May 19. 2024. 12:48

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Austrian unemployment rate hits lowest level since 2008


The number of unemployed people in Austria continued to fall to 7% in February, with APA reporting that about 369,769 people were unemployed or in labour market service (AMS) training at the end of February, making this unemployment rate the lowest one in 15 years.

About 369,769 people in Austria were unemployed or in labour market service (AMS) training at the end of February, APA reported. The unemployment rate thus decreased to 7% according to national calculations and is at its lowest level since 2008.

“We continue to see, despite the challenges for businesses, despite the high energy prices, fortunately, no massive negative effects on the labour market,” Labour Minister Martin Kocher said during a press conference on Wednesday.

Recently, there were more declines in unemployment among women (4.6%), whereas the number of unemployed men or men in training increased by 0.1%.

What has risen is youth unemployment, with the number of unemployed persons under 25 climbing by 4.1% compared to the previous year, while persons of prime working age (25 to 49) saw a decrease of 1%. The development is particularly positive for older persons (50 years or older), showing a decline of 6.4% in this group.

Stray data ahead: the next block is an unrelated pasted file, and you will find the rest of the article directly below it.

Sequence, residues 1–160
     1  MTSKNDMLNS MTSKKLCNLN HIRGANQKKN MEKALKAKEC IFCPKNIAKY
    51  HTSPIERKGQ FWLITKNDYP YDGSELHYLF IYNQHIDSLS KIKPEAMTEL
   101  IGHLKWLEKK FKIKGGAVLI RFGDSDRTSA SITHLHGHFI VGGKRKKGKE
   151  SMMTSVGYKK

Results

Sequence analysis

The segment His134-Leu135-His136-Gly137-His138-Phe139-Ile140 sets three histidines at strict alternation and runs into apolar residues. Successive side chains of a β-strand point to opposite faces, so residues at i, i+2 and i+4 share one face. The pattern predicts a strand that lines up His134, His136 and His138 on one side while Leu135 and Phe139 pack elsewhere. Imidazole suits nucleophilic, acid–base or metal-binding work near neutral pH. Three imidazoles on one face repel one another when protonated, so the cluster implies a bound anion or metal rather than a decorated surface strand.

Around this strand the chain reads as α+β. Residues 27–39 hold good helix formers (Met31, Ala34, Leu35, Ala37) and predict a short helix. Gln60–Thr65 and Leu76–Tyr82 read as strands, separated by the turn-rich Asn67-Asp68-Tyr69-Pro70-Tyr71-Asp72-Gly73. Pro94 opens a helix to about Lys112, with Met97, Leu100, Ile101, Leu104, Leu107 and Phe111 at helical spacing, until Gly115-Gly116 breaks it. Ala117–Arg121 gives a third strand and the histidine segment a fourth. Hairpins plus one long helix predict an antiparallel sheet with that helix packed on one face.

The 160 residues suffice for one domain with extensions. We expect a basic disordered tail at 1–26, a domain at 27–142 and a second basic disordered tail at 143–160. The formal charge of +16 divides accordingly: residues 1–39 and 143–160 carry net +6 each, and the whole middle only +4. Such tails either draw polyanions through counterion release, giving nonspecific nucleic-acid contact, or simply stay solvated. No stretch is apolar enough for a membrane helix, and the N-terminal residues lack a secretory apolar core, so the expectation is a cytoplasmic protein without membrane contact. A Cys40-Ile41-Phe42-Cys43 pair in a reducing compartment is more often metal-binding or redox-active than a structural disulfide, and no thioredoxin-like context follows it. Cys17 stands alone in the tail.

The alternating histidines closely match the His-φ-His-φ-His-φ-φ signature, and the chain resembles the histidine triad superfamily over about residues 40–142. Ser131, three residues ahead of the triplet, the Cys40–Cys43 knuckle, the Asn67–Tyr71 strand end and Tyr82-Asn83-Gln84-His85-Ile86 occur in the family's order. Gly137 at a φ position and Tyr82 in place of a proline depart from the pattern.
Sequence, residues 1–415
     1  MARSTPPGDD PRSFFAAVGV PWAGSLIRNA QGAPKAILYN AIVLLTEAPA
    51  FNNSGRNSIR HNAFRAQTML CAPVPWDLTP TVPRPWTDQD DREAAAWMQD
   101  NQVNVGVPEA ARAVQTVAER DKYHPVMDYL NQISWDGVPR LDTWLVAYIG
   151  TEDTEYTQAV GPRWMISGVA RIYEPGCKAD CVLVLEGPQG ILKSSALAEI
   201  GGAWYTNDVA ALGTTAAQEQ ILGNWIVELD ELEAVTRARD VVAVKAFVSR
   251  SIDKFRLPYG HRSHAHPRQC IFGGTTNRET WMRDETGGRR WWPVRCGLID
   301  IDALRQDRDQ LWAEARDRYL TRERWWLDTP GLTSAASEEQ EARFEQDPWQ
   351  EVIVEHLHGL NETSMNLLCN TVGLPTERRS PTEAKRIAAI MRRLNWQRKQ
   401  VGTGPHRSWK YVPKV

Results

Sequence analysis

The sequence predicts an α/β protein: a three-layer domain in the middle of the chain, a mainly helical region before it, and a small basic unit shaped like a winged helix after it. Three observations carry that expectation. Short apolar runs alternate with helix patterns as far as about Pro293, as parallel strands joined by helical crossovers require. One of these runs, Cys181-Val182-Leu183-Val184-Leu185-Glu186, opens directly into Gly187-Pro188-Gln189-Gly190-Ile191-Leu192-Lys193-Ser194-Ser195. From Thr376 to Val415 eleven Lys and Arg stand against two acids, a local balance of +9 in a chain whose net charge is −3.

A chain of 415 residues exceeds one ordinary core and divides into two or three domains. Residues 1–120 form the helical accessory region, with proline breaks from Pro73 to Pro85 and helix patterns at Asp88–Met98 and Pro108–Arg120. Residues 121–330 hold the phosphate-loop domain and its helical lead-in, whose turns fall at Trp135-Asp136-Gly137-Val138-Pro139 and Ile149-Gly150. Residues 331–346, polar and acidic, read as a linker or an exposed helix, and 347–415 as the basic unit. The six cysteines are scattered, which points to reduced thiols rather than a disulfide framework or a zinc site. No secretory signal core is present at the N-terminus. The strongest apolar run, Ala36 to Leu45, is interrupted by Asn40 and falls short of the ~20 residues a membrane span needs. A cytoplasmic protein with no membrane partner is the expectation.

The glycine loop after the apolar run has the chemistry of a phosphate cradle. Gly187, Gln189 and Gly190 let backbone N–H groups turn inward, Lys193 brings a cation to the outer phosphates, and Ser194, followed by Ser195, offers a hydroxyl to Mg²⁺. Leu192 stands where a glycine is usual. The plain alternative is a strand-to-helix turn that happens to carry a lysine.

AMS Managing Director Johannes Kopf also pointed to increased unemployment in the construction sector, which, according to him, would probably partly be due to the winter conditions.

In general, the decline in the number of people registered as unemployed is likely to end.

“The forecasts announce a slight increase in unemployment for this year and a decline again as early as 2024. That would be fine, but the shortage of skilled workers will remain,” said Kopf, APA reported.

The outlook for this year’s development would be not as good as last year’s, but there is “good reason for optimism if we succeed in continuing to make ourselves independent of fossil energy sources, especially Russia,” said Kocher. However, much depends on geopolitical developments, he stressed.

(Chiara Swaton | EURACTIV.de)